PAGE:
Punch is an easy way to show your appreciation to your guests and what better way than with the brightest and freshest of fruits of the season?
May I suggest first empowering your bar-backs. What? Aren’t they more concerned with making your fresh juices and polishing the glassware? Well, they should be doing that- and then some. When you truly want to raise the bar, and promote from the bottom up, the best way that I know how to find talented future bartenders is through the art of a late summer punch.
It takes an understanding of the classics, starting with Jerry Thomas. Mr. Thomas for all intents and purposes is our inspiration for what we consider the classic cocktails. He was plying his craft a hundred or more years before you disappointed your grandparents by pitching that law degree in favor of slinging Ramos Gin Fizzes to thirsty hordes of newly minted revelers.
Jerry Thomas wrote the famous book named the Bartenders Guide (also known as “how to mix drinks” and sometimes known as: The Bon-Vivant’s Companion). His work is as relevant today as it was in the 1840’s and maybe even more so now- with the rediscovery of classic cocktails and nostalgic methodology. But I’m getting ahead of myself. I think the first thing a bar owner or restaurant owner should do is get a copy of “how to mix drinks” and start working out of it.
I think a good place to start is by explaining what a wise bartender named Chris James once taught me. He said don’t throw it out. Don’t throw what out? The last ¼ inch of a bottle. Work with flavors- save it for punch- it’s liquid money and it doesn’t go down the drain. I never forgot this lesson- just like I never forgot the lessons that I learned when I worked as a cook. There are things that we can do to save the house money, and other things that will get us fired. I’d rather keep my job and make money for the house than have to search for another one because I was foolish and poured ‘that’ bottle down the drain. Save it for Punch!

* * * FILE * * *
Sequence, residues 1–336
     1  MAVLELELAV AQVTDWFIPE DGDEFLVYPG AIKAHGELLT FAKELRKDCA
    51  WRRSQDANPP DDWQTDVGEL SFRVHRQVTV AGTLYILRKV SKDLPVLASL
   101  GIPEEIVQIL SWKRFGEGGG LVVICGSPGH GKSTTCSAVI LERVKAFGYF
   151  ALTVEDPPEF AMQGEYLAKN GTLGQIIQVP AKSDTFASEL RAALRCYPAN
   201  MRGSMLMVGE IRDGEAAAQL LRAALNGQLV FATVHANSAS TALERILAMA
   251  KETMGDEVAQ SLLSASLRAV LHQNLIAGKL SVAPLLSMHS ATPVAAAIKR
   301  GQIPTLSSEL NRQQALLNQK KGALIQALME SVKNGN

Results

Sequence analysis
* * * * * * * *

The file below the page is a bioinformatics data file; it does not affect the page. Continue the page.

Jerry Thomas Brandy Punch
As interpreted by myself with seasonal embellishments… like Cognac over plain brandy and the use of Champagne instead of plain water.
- 1-750ml bottle of Champagne
- 1-750ml bottle Camus XO
- 375ml Jamaican Rum- find a natural one without added sugar or caramel color
- 2 cups Double Simple Syrup (2:1 Turbanado Sugar to boiling water)
- 10 oz. freshly squeezed lemon juice
- 4 oz. Grand Marnier or Cointreau
- 3 oz. Grenadine
- Whole pineapple sliced and grilled until nicely caramelized
- 2 oranges sliced into rounds and grilled
- 1 package of organic raspberries
- Mix all the ingredients in a large punch bowl
- Add a block of ice to dilute and add coolness to the punch
- Serve in tea cups with a smile
Another great Professor Jerry Thomas drink is known simply as the Gin Punch. I think it’s a must do in your repertoire because gin is a very popular drink- there always is some left to use in punch. Quite refreshing and thirst quenching during the hot months in the late Summer.
Classic Gin Punch- influenced by Professor Jerry Thomas Gin Punch
- 1-750 ml bottle of Barr Hill “Tom Cat” Gin (distilled by hand from Raw Honey and local grain and aged in a whiskey cask)
- 375ml Champagne
- 1 cup raspberries- pureed
- ¼ cup freshly squeezed lemon juice- un-strained but seeded
- 1-12 oz. bottle of cane sugar based Ginger Beer (like Q-Ginger Beer)
- Shake with a Boston Shaker until frothy and serve with about a cup of fresh raspberries and orange/lemon pinwheels
- Serve in a large punch bowl with plenty of ice
The final cocktail of this series is made with a combination of rum and rye whiskey. I’ve chosen to use the magnificently made Barrell Rye Whiskey #001 and their equally salubrious Whiskey Barrel aged Jamaican Rum. Pretty amazing stuff together, the interplay of wood against smoke and char surrounding the dry coffee tinged sweetness of the rye whiskey.
Rum and Whiskey Punch
- 1 750ml Bottle Barrell Rye Whiskey
- ½ 750ml Bottle Barrell Rum (Jamaica)
- 1 cup Double Simple Syrup (as above)
- ¼ cup freshly squeezed lemon juice
- 1 cup freshly squeezed lime juice
- Crushed Ice
- Grilled Orange Pinwheels
- Fill Glasses with the Crushed Ice to cool
- Into a cocktail mixing glass, fill ¾ with bar ice
- Add the liquid ingredients
- Stir, stir, stir
- Strain over freshly crushed ice in the glasses and garnish with grilled orange pinwheels